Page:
Once you transfer money out of your HSA account and into an investment account, or if your HSA account includes investment choices already built into it, it’s really important that you have a good selection of funds to purchase. I can’t reiterate this point enough. For example, you might find an HSA account that offers no transaction fees to do the investments, but the investments themselves (often limited, unless you have a TD Ameritrade or other large broker account!) will have high administrative/management fees, along with high expense ratios. That’s right, it’s often an double-whammy when it comes to fees.

One study done by AARP back in 2011 showed that 71% of participants thought that they didn’t pay any 401(k) fees – something that simply isn’t true.

A few options are listed below:

-Elements Financial

-Health Equity (received high rankings

-Select Account

-Lively (recommended at a co-worker’s spouse’s workplace)

Along with these accounts, the following article has been a really helpful resource:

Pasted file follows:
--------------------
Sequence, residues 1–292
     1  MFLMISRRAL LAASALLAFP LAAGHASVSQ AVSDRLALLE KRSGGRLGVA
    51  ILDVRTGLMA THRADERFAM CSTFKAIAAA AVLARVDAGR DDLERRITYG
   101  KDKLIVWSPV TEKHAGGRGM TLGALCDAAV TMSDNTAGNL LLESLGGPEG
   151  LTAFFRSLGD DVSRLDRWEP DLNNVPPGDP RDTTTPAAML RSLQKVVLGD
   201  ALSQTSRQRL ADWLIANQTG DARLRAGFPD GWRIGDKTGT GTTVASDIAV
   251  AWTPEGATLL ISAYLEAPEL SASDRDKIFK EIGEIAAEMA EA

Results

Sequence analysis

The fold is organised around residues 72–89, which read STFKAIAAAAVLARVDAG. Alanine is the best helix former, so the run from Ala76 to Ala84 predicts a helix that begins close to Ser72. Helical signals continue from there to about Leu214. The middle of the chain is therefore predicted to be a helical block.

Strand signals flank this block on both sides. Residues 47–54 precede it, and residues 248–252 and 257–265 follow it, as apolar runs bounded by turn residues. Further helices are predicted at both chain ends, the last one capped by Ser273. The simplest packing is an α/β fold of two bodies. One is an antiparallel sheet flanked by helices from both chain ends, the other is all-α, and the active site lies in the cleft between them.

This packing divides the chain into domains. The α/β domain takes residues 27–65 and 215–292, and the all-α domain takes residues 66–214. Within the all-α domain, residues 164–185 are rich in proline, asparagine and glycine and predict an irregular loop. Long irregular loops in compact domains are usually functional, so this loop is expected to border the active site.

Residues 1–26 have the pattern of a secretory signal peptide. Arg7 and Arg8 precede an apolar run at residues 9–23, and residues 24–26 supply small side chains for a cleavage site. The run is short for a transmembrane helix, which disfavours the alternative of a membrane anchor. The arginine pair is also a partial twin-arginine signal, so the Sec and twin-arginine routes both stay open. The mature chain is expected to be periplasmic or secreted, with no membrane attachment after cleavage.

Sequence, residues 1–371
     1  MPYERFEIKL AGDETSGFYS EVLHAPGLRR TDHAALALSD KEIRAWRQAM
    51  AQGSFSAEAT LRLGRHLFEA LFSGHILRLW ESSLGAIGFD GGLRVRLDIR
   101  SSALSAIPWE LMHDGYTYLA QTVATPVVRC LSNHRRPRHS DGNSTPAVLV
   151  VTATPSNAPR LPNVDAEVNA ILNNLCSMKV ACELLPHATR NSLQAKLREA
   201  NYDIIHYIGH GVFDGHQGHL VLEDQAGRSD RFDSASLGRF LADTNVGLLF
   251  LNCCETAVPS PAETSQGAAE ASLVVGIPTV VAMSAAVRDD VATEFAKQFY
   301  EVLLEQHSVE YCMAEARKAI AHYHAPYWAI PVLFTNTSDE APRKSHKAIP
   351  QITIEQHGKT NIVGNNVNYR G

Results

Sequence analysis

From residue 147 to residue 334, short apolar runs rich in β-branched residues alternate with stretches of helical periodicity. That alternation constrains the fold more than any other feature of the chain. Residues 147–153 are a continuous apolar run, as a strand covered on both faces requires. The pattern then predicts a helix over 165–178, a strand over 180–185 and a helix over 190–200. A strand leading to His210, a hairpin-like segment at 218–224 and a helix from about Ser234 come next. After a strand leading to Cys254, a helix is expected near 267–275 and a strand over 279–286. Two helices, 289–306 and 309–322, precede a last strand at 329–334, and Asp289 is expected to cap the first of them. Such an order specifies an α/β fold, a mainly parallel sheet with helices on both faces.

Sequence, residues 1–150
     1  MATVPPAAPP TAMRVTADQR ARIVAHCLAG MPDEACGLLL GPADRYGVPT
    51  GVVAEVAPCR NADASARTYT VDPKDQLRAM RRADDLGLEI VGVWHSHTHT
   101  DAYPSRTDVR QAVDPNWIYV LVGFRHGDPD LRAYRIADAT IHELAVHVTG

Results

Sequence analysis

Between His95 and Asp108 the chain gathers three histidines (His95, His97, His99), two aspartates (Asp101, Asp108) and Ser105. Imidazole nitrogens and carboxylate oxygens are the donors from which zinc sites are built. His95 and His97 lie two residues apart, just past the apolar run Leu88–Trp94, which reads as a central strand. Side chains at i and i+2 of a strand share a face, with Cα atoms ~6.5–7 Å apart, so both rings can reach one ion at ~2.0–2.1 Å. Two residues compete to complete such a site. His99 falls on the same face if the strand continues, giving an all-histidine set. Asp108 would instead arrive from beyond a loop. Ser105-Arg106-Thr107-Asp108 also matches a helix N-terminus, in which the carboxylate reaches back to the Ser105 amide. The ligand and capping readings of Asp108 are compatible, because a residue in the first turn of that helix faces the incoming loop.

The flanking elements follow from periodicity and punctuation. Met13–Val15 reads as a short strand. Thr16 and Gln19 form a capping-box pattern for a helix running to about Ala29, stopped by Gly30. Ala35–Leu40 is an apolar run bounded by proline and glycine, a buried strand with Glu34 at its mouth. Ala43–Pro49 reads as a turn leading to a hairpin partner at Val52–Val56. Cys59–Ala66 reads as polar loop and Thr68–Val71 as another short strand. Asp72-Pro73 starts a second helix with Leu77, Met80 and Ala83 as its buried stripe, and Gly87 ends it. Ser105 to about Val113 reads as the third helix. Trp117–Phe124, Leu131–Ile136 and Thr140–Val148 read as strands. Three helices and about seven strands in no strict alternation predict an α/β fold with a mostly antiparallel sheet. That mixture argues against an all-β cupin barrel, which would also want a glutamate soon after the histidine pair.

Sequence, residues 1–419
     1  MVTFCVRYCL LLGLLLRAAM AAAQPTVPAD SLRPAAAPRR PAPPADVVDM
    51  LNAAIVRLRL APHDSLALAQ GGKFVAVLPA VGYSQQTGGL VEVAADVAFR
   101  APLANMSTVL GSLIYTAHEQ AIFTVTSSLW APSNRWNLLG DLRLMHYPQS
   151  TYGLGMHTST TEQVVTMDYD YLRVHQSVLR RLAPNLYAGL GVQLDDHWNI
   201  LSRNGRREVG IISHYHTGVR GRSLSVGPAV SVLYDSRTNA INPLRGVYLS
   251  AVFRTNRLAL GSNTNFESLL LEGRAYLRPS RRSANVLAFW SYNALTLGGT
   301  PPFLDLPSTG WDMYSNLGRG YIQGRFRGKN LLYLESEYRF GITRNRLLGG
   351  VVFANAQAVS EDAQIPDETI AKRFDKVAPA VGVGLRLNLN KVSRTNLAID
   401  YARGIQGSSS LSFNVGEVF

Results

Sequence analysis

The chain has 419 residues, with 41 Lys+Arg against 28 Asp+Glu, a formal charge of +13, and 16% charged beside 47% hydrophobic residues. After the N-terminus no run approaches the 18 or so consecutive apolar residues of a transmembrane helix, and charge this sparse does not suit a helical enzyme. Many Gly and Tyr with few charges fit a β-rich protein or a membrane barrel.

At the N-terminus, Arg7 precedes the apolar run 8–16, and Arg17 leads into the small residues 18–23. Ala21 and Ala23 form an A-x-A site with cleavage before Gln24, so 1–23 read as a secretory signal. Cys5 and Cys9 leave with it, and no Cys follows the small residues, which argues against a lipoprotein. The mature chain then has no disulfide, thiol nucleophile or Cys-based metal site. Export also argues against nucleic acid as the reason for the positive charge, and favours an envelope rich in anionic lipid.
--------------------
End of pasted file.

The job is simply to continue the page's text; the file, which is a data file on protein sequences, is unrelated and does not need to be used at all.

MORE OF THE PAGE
I recognize that everyone’s needs are different when it comes to choosing an HSA account. For some people, the investment part of an HSA won’t mean very much. I can see this being the case if you don’t plan on putting much money into the account, or maybe if you’re thinking you’ll be using your HSA regularly to pay for medical expenses. For others, the simple conveniences of having a debit card, maybe access to an additional Checking or Savings Account through an HSA would be important. Some HSA accounts offer automated receipt submittals, they have an app for your phone, etc.

My only word of caution would be to, please, look out for the fees.

I believe an HSA account should empower people to get ahead in life through leveraging the tax-advantaged savings aspect. If the fees are too high, the tax advantages go out the window. Please be careful with this. I know there are a lot of places that have high fees and they will readily take advantage of you, whether you know it or not. You may look at the fees as being a small thing today, but if you take into account the growth that could have been realized by not paying those small fees over the course of 10, 20, or 30 years, the difference can add up to thousands of dollars!